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Out in the bush. Creates an image of flat, stony spinifexed land. Donga was never used in Broken Hill as a reference to a hut - donga always meant in the wilderness of the dried arid outback. Eastern Coast bush could therefore never be interpreted as being the Donga: He's camping out in the donga somewhere. [borrowed during the Boer War from South African English where it meant `a gully formed by running water'; originally from Zulu and Xhosa udonga]

Contributor's comments: The open ground surrounding a small town: 'He chucked it out on the donga.'

portable accommodation, usually one man provided in mining camps in the NW: Tom is still asleep in his donga. Also, donger.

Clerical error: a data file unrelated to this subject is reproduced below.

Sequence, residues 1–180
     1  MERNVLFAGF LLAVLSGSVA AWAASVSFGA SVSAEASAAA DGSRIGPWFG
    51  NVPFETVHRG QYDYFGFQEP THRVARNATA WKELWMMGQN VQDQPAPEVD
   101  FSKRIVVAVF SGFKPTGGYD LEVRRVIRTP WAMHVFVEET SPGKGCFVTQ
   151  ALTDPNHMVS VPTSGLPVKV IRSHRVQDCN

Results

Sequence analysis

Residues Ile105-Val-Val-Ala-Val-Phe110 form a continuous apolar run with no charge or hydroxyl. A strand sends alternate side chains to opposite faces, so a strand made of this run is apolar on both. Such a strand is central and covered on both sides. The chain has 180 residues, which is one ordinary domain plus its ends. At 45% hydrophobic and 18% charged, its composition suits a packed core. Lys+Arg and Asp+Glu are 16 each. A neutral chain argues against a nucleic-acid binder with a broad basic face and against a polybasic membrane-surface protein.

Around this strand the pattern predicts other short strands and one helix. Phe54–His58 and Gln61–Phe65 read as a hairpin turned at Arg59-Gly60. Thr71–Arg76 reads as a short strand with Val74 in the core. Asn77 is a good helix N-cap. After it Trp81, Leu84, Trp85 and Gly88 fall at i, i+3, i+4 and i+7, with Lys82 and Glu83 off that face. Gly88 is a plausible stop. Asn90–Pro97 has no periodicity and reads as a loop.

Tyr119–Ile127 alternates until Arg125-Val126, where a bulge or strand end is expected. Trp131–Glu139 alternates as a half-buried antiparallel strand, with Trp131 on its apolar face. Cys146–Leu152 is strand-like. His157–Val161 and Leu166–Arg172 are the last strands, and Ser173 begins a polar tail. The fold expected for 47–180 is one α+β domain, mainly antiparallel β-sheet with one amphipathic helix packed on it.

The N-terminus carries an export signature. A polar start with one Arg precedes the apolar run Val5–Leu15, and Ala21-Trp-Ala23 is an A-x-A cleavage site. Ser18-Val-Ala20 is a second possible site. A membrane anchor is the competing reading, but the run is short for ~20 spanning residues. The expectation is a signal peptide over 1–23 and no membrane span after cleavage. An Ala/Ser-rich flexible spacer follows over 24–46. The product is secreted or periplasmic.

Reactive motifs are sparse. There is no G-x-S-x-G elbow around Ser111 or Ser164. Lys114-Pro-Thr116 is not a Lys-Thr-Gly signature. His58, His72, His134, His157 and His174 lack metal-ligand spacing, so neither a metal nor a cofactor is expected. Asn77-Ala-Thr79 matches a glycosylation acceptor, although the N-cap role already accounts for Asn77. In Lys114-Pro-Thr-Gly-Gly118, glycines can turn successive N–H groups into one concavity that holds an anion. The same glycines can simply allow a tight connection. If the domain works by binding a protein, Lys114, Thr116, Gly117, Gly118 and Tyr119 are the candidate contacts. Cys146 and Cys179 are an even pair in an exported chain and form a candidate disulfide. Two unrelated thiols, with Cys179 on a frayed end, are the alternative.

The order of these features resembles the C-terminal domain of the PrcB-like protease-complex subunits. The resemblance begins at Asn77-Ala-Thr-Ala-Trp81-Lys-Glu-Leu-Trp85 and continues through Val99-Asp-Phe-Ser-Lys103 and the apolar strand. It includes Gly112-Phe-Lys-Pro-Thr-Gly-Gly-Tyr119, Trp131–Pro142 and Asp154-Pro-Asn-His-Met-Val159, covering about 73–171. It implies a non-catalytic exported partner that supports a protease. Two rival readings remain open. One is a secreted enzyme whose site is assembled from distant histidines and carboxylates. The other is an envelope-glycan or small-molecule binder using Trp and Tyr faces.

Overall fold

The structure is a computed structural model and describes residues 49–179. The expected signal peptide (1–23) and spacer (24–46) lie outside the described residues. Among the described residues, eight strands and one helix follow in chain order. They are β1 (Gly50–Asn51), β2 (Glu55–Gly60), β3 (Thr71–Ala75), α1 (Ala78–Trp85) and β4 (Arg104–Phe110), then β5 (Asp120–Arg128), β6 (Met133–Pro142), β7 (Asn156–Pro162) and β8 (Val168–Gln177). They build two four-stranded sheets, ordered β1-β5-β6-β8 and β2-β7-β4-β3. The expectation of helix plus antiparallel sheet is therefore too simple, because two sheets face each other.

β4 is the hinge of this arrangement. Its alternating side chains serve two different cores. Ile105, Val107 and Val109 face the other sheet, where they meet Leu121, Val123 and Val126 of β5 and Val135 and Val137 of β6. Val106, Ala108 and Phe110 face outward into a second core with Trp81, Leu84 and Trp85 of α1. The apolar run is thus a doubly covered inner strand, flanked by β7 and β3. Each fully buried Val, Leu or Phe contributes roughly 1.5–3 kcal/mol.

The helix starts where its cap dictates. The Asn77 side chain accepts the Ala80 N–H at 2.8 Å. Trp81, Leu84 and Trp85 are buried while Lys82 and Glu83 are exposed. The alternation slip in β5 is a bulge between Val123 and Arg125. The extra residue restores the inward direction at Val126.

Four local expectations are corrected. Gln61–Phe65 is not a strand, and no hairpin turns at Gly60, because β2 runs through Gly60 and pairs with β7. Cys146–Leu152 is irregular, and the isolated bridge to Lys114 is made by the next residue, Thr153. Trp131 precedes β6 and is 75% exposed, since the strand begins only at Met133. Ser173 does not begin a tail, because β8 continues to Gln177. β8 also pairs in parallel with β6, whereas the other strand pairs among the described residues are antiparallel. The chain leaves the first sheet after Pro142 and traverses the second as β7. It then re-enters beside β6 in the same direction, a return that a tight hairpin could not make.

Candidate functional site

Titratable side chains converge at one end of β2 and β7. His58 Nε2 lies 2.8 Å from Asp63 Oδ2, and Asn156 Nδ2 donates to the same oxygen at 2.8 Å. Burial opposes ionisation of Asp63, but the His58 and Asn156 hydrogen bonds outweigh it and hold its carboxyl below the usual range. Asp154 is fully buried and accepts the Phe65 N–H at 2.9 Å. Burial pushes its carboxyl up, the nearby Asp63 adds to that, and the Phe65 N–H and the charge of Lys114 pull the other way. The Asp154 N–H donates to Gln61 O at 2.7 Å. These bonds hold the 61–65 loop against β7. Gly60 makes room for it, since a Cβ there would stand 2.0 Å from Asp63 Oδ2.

Contributor's comments: This word is also used extensively in WA - particularly in the mining industry (in FIFO camps).

Contributor's comments: Commonly used term in the Navy.

Contributor's comments: Widely used in the Northern Territory.

Contributor's comments: 'Donga' was used extensively in the Royal Australind Navy as well. And maybe other military arms; meaning any dwelling.

Contributor's comments: Donga for sleeping quarters is used by Australian Antarctic expeditioners.

Contributor's comments: Have heard this used in the NT.

Contributor's comments: relocatable home or rudimentary dwelling: "Block of land for sale complete with donga."

Contributor's comments: Removable buildings used on mine-sites to house workers. Typically there are four rooms in one donger: "Here's the key to your donger."

Contributor's comments: A residential unit in a bush environment, usually fairly basic: "I'm going back to my donga for a kip."

Contributor's comments: Any shared accomodation: "For the weekend we all slept in the upstairs loft. We were told that we could share the donga."